That Bandung spirit led to the formation of the Non-Aligned Movement in 1961, and indirectly also led to the Group of 77 in 1964, the two major umbrella organisations of the developing countries.

Last Friday, political leaders from over 40 countries, led by Indonesian President Joko Widodo, and officials from international organisations walked from Savoy Hotel to Merdeka Building and took part in a brief but meaningful commemoration ceremony.

Among the leaders present were the presidents of China, Zimbabwe and Myanmar, and the prime ministers of Malaysia, Nepal and Egypt.

We were told the Merdeka Building had not changed, and the chairs were the same as the ones used 60 years ago.

Widodo invoked the memory of the leadership and spirit of the giants of old, who had pioneered their nations’ independence and forged unity among the newly independent countries.

In a two-day Asian African summit conference in Jakarta preceding the Bandung ceremony, even more leaders were present to discuss the theme, South-South Cooperation for Peace and Prosperity.

President Widodo made a strong speech highlighting the continuing power inequalities and injustices in the world, in which developing countries were still struggling to get their rightful fair share in decision-making in world affairs.

Global injustice is obvious, when wealthy nations think they can change the world with their might, when the United Nations is powerless, when force is used without the mandate of the UN and powerful countries ignore the existence of the UN, he said.

Injustice exists when rich countries refuse to recognise the shifts in world economic power and only re­­­­­­­cognise the World Bank, In­ter­national Monetary Fund and the Asian Development Bank, he added.

“The fate of the global economy cannot be left to these three organisations, we need to build a new world order that is open to new countries. A new and fair global system is needed.”

Widodo also stressed that as the Bandung spirit demanded indepen­dence for countries, we are still indebted to the people of Palestine. “We have to struggle with them to give birth to an independent state of Palestine.”

The plight and struggle of Palesti­nians became a major issue at the Summit. It was obvious that the con­­tinuing occupation of Palestine lands and their unfulfilled fight for an independent state was a big piece of “unfinished business” of the Asian African Bandung conference.

A special declaration in support of Palestine was adopted by the conference. Two other documents adopted were the Bandung Message and the new Asia-Africa Strategic Partnership, which details the actions that are to be taken to promote more cooperation in economic, health, food security, education and other areas.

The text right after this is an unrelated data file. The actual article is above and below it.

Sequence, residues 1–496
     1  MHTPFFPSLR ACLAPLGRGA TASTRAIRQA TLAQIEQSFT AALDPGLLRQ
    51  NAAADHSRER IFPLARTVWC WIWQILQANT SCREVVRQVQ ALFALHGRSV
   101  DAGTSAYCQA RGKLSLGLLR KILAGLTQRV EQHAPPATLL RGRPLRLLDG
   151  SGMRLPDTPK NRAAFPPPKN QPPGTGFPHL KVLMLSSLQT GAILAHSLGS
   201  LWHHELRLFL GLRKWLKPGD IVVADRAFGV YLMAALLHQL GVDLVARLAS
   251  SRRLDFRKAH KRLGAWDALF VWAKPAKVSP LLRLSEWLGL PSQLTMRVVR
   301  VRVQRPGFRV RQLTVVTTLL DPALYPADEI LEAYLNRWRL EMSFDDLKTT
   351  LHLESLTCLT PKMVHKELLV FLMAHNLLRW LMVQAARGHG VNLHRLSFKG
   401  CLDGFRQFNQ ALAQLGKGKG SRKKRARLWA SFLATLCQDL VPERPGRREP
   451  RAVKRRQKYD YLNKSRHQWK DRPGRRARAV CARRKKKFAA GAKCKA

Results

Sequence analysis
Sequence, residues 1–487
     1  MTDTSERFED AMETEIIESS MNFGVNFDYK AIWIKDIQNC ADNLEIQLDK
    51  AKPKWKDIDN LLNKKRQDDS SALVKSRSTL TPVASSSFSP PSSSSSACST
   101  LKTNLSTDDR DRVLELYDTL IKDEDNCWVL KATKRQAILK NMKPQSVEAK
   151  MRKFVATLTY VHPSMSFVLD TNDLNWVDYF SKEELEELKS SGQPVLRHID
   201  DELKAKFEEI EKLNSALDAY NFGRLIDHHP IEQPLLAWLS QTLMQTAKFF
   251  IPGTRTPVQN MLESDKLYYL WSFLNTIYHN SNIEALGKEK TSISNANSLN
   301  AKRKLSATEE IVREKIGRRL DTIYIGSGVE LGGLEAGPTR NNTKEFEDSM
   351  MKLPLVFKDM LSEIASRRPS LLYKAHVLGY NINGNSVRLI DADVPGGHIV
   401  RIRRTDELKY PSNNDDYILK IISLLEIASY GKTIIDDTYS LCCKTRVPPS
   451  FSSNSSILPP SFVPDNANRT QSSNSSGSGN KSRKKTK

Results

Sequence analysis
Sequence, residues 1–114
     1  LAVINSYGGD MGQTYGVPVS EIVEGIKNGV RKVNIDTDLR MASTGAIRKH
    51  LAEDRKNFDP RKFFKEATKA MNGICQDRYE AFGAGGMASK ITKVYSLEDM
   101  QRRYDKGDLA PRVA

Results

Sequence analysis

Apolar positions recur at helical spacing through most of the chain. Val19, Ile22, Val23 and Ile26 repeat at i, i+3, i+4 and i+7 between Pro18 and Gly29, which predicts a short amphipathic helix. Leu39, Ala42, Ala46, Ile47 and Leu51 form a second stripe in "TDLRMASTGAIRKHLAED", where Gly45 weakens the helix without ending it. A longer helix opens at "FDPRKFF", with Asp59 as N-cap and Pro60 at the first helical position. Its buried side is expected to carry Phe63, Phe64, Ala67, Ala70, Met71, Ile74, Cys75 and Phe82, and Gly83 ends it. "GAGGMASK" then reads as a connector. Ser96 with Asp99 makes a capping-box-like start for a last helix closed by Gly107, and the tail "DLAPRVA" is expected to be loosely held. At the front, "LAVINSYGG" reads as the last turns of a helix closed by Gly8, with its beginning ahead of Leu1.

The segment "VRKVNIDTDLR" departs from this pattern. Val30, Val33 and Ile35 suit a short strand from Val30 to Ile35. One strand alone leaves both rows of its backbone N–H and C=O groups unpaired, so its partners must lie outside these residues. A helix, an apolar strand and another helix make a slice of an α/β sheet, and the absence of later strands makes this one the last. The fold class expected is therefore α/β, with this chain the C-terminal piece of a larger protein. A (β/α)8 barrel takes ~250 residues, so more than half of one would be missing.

President Xi Jinping of China pledged to provide places for 100,000 students and officials in Asia and Africa for education and training in his country over five years.

He put forward several principles, including to seek common ground and be open to one another’s views, expand South-South cooperation, and the closing of the North-South gap. He also mentioned the new Chinese initiatives of setting up the Asian Infrastructure Investment bank as well as a new fund to finance the activities of the Economic Silk Road and the Maritime Silk Road.

These initiatives by China were a reminder that with the growing wealth of China and some other emerging economies, there is now a real possibility for the developing countries to help one another in financing their own development.

A new trend in South-South ga­­therings is that criticism of the ways of the West in dominating the South is now combined with announcements of how the developing countries are organising various ways to rely more on one another, including creating new institutions.

In a speech representing the South Centre, I mentioned that we support the call by the Indonesian president to establish a new world order where the developing countries have an equal say and enjoy their fair share of the benefits.

In this new and more equitable world order, the developing countries will be able to contribute to the solutions to the multiple crises of global finance and economy, food security, unfulfilled social development, energy and climate change.

The developed countries will change their unsustainable patterns of production and consumption, and assist the developing countries through financial resources and technology transfer to embark on new sustainable development pathways.

South-South cooperation, based on solidarity and mutual benefits, will play an increasingly important role. There is much to be done politically and concretely in this area.

Bandung 1955 was a landmark event that launched many good developments for the newly independent countries.

Bandung 2015 could also prove to be a landmark event that catalyses further breakthroughs in South-South cooperation which, together with our better performance in multilateral relations, will implement the building of the new world order that our first generation of leaders were dreaming of.

As the Jakarta and Bandung events came to a close, Indonesian officials indicated that they will be undertaking follow-up actions after the Summit. It is important that concrete programmes are formulated, so that the good-intentioned declarations do not remain only on paper but spark new shoots of South-South cooperation.

Global Trends by Martin Khor

Martin Khor is executive director of the South Centre, a research centre of 51 developing countries, based in Geneva. You can e-mail him at director@southcentre.org. The views expressed here are entirely his own.